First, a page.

Did police tell the whole truth about Zanesville, Ohio's infamous animal slaughter?
The following is excerpted from the Byliner Original Rough Beasts.
Near 5:30 p.m. on October 18, 2011 -- the day the world’s remaining wildness seemingly died in Zanesville, Ohio, of all places -- Sergeant Steven Blake, of the Muskingum County sheriff’s department, inched his patrol cruiser up toward the brick farmhouse at 270 Kopchak Road and sounded his horn. A simple knock on the front door would have been standard procedure for verifying the whereabouts and well-being of any local citizen. But as Sergeant Blake well knew -- and as much of the rest of the world was about to discover -- the sixty-two-year-old owner of the home was anything but your average citizen.
“Upon arrival at the Terry Thompson residence … ,” as Blake later recounted in his official report, “I noticed that there were several animals running loose including … lions, a mountain lion, a tiger, and black bears. It appeared as if the doors of [their] pens were opened." By the end of the next day, fifty animals would be dead: eighteen tigers, seventeen lions, eight bears, three mountain lions, two wolves, a baboon, and a macaque. At that point, however, Blake's visit didn't seem that different than countless others he and his fellow officers had made to Thompson's place to ask him to rein in another reported stray.
Blake had first arrived at the locked front gate of the seventy-three-acre farm belonging to Thompson and his estranged wife, Marian, some fifteen minutes earlier and immediately confirmed a neighbor’s complaint about seeing a bear and an African lion loose just inside the property’s outer-perimeter fence. This being a not altogether unusual occurrence at 270 Kopchak, Blake first tried phoning up to the house, set at the top of a hill about a half-mile in from the road.
Few people, not even longtime neighbors, knew just how many exotic animals the Thompsons had at their place. But it was hardly a secret that they had them. Whenever Terry and his high school sweetheart, Marian, transported their prizewinning Percheron draft horses and Arabian stallions to state fairs or local 4-H club events, he would invariably bring along a tiger, a lion, or a bear cub. He’d bring them to his wife’s riding classes, to her school, and to other area schools and hospitals for kids to pet and play with. And insofar as the Thompsons didn’t charge people admission to view their menagerie, they were not bound by any government regulations and only subject to visits from local authorities in the wake of complaints, like the very one the police were responding to that evening.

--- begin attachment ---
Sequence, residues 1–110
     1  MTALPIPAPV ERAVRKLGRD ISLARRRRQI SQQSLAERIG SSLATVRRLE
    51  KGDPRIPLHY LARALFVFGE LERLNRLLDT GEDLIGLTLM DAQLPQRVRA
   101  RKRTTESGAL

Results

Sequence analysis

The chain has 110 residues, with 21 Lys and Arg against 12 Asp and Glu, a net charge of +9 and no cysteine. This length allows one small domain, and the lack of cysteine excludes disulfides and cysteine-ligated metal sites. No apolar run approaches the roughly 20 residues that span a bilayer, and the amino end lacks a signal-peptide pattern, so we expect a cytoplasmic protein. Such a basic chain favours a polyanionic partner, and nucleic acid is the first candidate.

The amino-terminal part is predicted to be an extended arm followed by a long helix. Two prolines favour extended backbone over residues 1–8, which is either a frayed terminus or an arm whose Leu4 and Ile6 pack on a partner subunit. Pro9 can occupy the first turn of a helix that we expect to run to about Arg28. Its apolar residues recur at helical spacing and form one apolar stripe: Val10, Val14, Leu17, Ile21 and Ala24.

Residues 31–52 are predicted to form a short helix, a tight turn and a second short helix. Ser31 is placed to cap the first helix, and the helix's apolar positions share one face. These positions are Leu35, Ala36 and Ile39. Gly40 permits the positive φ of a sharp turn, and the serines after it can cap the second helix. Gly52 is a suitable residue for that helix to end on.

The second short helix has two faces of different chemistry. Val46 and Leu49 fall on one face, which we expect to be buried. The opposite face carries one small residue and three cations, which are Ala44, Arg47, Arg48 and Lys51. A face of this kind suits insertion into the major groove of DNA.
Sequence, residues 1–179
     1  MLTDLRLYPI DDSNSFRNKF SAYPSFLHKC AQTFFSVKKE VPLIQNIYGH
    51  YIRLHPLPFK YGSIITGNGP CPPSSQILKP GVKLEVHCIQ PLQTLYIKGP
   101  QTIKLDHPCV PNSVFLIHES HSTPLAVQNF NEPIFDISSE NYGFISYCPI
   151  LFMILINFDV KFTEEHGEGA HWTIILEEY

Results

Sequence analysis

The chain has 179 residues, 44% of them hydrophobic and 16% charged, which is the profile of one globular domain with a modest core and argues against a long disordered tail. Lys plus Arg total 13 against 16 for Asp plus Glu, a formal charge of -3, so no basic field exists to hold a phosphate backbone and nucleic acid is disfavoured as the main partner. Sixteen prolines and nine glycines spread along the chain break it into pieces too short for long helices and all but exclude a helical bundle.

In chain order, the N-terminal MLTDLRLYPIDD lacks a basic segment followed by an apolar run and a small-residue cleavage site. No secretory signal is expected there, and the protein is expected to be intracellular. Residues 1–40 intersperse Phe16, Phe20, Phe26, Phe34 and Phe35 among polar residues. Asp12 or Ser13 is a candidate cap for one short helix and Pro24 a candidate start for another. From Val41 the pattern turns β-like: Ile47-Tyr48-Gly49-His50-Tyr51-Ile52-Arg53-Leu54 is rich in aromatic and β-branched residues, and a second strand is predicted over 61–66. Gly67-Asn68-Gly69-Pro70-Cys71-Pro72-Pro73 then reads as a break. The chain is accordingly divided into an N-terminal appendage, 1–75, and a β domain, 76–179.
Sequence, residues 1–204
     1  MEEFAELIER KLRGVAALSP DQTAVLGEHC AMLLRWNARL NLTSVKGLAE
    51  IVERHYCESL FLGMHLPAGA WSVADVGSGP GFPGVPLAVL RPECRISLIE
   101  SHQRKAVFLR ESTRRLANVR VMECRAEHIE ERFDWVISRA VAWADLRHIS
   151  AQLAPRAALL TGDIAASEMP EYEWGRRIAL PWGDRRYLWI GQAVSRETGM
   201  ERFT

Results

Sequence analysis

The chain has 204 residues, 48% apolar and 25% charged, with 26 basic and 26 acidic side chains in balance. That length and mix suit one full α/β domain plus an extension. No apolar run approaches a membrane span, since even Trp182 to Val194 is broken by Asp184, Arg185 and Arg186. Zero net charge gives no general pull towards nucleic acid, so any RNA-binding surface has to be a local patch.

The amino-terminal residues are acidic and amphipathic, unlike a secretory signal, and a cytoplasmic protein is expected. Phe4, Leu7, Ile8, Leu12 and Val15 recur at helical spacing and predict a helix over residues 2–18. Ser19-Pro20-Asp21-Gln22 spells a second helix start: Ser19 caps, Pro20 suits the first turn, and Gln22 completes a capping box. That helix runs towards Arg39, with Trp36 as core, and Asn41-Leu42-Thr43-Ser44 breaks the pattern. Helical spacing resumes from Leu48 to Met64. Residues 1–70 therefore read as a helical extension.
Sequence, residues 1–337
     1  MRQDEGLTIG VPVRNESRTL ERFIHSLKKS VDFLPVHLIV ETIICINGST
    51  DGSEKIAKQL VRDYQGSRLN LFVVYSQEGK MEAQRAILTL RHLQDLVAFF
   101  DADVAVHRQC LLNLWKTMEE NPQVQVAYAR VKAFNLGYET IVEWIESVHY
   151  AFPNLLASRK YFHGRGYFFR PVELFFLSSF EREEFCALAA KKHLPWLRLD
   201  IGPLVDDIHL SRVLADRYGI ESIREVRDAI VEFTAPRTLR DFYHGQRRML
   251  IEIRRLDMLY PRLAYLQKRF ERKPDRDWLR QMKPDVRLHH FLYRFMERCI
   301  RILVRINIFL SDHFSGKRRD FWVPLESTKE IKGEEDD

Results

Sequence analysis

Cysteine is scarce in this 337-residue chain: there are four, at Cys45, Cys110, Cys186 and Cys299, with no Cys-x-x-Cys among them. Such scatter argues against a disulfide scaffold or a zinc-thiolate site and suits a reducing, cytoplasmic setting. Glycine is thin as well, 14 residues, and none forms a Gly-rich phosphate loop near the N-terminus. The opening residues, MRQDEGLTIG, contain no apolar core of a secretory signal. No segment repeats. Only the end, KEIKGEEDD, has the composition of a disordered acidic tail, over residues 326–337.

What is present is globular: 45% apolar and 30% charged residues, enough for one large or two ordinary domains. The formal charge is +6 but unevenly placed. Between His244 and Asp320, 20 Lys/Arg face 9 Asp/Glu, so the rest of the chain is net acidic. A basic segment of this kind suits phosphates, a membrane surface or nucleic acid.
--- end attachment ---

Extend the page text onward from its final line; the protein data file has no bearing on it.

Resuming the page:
Sergeant Blake sounded his horn in front of the house a few more times, then slowly steered his cruiser back through the tensile thicket of surrounding animal stares. Moments later, John Moore, the Thompsons’ animal caretaker, arrived to do a nightly feeding. When Moore insisted that Thompson must be somewhere on the premises, Blake had him get in his cruiser, and the two drove back up the hill to search the house.
The disparity between John Moore’s perspective on the scene unfolding that evening and Sergeant Blake’s could not have been more stark. Moore, a longtime friend of Terry Thompson’s and full-time caretaker for the past eight years, had helped the Thompsons raise all the beasts in their menagerie. An exotic-animal owner himself who is currently working toward a degree in wildlife zoology at Ohio University, Moore felt surrounded by outsize loving pets whose dispositions, both physical and behavioral, were utterly familiar to him. As for Sergeant Blake, he felt, well, only surrounded.